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Being the WCL Commissioner is not a Part-Time Job

by Steve Mims

Rob Neyer was putting the finishing touches on his seventh book in the spring of 2018 when the West Coast League came calling for a commissioner.
The famed baseball author was surprised and intrigued at the thought of running a summer baseball league.
“To be frank, it completely blindsided me when the league expressed interest,” Neyer said. “How many baseball writers get to be commissioner of a highly-regarded league? The answer is, almost none. It was nothing I ever imagined at the time.”
Never spent 15 years as one of the most prolific writers for ESPN before moving on to write for SB Nation and Fox Sports. He was living in Portland and completing the book “Power Ball: Anatomy of a Modern Baseball Game” when the WCL reached out to him about a job.
“I was finishing up a book and didn’t have any other writing gigs lined up when they approached me,” he said. “I had nothing else planned over the next few months, so I had a free summer. If nothing else, it was something to do for the summer. I had no ambitions for the future because I was in an unknown place, so I thought I would do this for three months and see what happens next.”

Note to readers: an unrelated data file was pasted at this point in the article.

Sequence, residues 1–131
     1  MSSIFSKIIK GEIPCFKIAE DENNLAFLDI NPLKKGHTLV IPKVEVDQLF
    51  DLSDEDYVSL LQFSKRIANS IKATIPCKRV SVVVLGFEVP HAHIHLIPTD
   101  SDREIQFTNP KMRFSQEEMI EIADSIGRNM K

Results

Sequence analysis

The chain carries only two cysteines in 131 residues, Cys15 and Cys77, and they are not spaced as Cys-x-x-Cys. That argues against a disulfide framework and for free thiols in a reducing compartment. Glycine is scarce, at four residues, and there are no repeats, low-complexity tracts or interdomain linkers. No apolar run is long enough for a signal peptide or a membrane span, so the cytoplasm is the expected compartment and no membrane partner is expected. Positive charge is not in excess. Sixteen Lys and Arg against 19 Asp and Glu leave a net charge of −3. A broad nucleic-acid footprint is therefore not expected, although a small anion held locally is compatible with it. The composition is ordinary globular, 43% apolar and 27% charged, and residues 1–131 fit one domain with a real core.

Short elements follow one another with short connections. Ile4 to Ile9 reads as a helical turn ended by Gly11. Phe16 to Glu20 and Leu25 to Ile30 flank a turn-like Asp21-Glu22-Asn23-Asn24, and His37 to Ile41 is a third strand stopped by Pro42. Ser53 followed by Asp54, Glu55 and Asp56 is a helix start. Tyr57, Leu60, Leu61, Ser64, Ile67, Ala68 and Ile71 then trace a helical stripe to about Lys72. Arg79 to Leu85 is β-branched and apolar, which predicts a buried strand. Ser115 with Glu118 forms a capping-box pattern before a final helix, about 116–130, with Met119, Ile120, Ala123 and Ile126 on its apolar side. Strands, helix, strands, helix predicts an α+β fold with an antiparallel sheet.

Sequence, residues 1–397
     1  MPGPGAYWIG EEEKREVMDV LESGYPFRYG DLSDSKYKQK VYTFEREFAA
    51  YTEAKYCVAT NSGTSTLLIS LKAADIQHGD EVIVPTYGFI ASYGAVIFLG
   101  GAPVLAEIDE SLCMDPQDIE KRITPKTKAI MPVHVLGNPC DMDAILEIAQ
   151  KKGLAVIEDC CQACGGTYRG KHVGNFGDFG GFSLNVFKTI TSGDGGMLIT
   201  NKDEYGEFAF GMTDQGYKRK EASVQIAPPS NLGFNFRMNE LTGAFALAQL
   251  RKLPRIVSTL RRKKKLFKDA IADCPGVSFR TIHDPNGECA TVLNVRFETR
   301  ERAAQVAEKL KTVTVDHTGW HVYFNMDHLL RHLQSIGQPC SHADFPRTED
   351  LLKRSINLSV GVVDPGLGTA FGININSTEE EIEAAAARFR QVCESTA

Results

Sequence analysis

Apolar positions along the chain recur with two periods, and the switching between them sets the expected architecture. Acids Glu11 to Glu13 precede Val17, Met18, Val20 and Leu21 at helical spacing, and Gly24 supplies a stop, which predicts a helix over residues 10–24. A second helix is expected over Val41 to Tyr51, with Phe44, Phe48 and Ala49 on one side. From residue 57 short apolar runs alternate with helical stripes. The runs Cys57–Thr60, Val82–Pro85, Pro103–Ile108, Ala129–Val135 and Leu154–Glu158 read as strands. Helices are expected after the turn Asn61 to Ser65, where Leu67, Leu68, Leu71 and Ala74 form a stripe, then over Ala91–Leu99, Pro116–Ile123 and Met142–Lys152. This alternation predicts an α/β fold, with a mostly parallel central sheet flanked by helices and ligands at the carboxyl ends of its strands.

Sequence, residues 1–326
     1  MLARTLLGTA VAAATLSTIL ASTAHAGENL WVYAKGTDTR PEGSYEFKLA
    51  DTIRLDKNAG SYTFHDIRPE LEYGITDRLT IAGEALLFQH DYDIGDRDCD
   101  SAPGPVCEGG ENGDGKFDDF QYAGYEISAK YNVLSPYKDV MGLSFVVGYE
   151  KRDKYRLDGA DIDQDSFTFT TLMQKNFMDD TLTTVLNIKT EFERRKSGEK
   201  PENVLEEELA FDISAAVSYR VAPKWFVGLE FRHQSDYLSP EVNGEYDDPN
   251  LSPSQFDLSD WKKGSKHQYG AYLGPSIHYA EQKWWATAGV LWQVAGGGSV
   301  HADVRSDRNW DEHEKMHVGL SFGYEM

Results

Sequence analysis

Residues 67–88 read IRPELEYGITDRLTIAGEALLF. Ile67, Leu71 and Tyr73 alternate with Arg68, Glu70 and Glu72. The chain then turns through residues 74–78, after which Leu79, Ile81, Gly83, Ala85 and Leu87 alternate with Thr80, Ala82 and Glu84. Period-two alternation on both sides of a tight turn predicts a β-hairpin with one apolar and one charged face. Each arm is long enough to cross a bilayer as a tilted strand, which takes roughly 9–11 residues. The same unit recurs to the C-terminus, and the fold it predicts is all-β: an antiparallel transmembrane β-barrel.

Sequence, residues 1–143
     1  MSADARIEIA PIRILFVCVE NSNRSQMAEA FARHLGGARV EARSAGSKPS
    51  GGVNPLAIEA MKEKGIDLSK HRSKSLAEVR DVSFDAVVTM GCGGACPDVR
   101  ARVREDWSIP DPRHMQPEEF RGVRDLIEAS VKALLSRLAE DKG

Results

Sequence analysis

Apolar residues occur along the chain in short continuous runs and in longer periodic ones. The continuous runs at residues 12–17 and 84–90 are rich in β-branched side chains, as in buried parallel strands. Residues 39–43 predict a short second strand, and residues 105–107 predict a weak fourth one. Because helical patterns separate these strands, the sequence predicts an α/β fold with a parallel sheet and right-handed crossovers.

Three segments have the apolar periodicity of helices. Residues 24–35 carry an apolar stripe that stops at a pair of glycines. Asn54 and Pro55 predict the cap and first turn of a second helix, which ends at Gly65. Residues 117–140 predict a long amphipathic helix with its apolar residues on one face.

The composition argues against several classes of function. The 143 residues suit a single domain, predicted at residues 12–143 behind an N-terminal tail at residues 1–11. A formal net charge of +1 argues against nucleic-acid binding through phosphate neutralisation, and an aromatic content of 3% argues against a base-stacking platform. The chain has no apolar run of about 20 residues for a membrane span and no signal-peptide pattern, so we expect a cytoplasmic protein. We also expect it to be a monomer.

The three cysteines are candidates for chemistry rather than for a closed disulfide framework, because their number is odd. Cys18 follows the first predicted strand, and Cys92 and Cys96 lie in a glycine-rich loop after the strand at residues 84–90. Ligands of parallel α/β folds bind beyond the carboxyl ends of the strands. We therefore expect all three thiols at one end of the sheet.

The job was originally presented to Neyer as basically a part-time opportunity.
“I was going to visit all the teams and ballparks in the season, which was something I obviously looked forward to,” he recalled last week. “Who wouldn’t want to visit West Coast baseball venues, including some that I had not seen before. That was a thrill to travel around the Northwest and visit Kelowna, Victoria and Port Angeles, places I had never been before.”